My reading notes for getting things done. The art of stress free productivity, David Allen and James Fallows – Part 8. The six level model for reviewing your own work. Horizon 5, life. Horizon 4, long term visions. Horizon 3, one to two year goals. Horizon 2, areas of focus and accountability. Horizon 1, current projects.

Ground, current actions. It makes sense that each of these levels should enhance and align with the ones above it. Ultimately, if the phone call you’re supposed to make clashes with your life, purpose or values, to be in sync with yourself, you won’t make it. If your job structure doesn’t match up with where you need to be a year from now, you should rethink how you framed your areas of focus and roles.

If you want to get where you’re going most efficiently, without an acceptance and an objective assessment of what’s true in the present, and feeling confident you can manage what you’ve created, it’s always difficult to cast off for new shores. In order to create productive alignment in your life, you could quite reasonably start with a clarification from the top down.

Decide why you’re on the planet. Figure out what kind of life and work and lifestyle would best allow you to fulfill that contract. What kind of job and personal relationships would support that direction. What key things would you need to put in place and make happen right now, and what could you do physically as soon as possible to kickstart each of those?

The primary reason to work from this bottom up direction is that it clears your inner decks to begin with, allowing your creative attention to focus on the more meaningful and elusive visions that you may need to challenge yourself to identify. Also, this particular method has a high degree of flexibility and freedom, and it includes a thinking and organizing practice that is universal and effective no matter what it’s focused on.

I have learned over the years that the most important thing to deal with is whatever is most on your mind. The fact that you think it shouldn’t be on your mind is irrelevant. It’s there, and it’s there for a reason. Once you handle what has your attention, it frees you up to notice what really has your attention.

Almost without exception, the executives I’ve worked with are most plagued by the management of the nitty gritty of their workaday world. Emails, meetings, travel, projects going off the rails, etc. When they begin to get all that under control, their attention invariably turns to areas of focus and interest from a higher perspective, family, career, and quality of life stuff.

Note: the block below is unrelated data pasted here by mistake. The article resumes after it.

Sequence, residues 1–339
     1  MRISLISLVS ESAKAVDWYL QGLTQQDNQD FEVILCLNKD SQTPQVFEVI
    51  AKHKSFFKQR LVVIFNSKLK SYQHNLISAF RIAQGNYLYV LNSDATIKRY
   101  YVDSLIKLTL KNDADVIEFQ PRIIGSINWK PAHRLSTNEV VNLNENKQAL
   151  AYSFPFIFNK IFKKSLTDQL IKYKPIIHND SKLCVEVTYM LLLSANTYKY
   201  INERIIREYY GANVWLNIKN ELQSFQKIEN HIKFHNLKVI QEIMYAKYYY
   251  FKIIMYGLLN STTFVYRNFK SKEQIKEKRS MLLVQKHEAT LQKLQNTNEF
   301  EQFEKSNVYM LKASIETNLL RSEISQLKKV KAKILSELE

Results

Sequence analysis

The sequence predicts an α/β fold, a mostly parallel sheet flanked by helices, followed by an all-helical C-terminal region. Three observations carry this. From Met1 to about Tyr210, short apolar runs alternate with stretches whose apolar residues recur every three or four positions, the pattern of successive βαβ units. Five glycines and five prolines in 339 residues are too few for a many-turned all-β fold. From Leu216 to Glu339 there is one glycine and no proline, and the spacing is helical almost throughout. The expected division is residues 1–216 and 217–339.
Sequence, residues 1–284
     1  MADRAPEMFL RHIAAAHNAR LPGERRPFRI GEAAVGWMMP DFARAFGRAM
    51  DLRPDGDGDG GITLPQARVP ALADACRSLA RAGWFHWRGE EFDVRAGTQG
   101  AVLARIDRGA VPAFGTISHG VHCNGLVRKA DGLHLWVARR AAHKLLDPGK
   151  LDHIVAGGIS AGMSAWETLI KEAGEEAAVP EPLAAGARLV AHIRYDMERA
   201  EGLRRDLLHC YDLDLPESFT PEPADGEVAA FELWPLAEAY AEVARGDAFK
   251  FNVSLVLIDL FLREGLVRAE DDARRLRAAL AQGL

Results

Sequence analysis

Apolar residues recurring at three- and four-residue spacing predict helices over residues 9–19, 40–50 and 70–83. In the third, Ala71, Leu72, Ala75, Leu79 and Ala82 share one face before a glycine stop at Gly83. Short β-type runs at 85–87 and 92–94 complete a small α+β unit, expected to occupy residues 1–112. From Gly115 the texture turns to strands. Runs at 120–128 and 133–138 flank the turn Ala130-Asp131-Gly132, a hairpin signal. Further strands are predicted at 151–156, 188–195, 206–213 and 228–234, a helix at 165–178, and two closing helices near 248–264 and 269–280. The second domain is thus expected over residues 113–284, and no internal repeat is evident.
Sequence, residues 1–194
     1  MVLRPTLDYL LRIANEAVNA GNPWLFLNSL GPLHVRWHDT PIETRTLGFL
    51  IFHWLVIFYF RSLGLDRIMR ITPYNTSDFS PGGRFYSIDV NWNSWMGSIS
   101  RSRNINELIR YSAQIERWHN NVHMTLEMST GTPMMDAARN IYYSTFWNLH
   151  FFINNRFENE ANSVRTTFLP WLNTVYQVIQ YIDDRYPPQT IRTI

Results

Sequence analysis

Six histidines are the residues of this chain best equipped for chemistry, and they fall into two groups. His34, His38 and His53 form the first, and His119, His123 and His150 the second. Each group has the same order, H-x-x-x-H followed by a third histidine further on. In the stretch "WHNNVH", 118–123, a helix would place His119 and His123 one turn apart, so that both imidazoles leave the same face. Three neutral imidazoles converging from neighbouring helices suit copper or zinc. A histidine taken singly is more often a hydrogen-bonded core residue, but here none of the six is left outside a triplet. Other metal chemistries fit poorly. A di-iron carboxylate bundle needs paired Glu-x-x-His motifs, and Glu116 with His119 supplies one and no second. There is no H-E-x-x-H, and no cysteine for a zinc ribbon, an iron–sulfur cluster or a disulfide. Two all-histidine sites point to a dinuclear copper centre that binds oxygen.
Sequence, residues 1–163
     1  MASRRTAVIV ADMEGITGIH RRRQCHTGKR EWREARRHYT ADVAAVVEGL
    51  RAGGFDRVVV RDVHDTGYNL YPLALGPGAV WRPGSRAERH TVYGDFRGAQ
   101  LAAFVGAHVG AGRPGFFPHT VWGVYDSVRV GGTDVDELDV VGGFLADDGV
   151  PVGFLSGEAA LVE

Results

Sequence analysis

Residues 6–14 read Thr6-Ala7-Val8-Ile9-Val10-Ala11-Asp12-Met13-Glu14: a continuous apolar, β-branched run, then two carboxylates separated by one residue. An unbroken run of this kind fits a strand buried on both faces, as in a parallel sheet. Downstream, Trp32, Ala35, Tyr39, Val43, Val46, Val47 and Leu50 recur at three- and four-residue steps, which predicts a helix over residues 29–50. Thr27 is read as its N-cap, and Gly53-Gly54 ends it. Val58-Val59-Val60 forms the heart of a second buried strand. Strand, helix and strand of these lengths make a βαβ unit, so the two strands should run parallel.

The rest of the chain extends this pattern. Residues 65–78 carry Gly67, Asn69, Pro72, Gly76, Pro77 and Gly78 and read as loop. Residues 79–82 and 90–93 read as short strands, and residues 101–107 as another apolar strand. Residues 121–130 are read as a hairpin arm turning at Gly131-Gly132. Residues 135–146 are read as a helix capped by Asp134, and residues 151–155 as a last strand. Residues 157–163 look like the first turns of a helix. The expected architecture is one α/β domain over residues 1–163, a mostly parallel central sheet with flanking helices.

While Horizon 5, Purpose and Principles, is obviously the most important context within which to set priorities. Experience has shown me that when we understand and implement all the levels of work in which we are engaged, especially the ground and Horizon 1 levels,

we gain greater freedom and resources to do the bigger work that we’re all about. Next, I recommend that you make and keep a list called Areas of Focus. You might like to separate this into professional and personal sublists, in which case you’ll want to use them both equally for consistent review. It won’t require the kind of once a week recalibration that the projects list will.

You probably have somewhere between four and seven key areas of responsibility in your work, and a similar number personally. Your job may include things like staff development, systems design, long range planning, administrative support, customer service, and marketing. Areas of focus is really just a more abstract and refined version of the triggers list we covered earlier.

There are probably some things you can identify right now that can help you get current in your own thinking about your work, and what’s important in it. Questions to ask are. What are the longer term goals and objectives in my organization? And what projects do I need to have in place related to them to fulfill my responsibilities?

What longer term goals and objectives have I set for myself? And what projects do I need to have in place to make them happen? What other significant things are happening that could affect my options about what I’m doing someday? Maybe list or in a folder called dreams and goals I might get around to at some point.

Getting projects under control. After years of working with thousands of professionals down in the trenches, I can safely say that virtually all of us could be doing more planning. more informally and more often of our projects and our lives. And if we did, it would relieve a lot of pressure on our psyches and produce an enormous amount of creative output with minimal effort.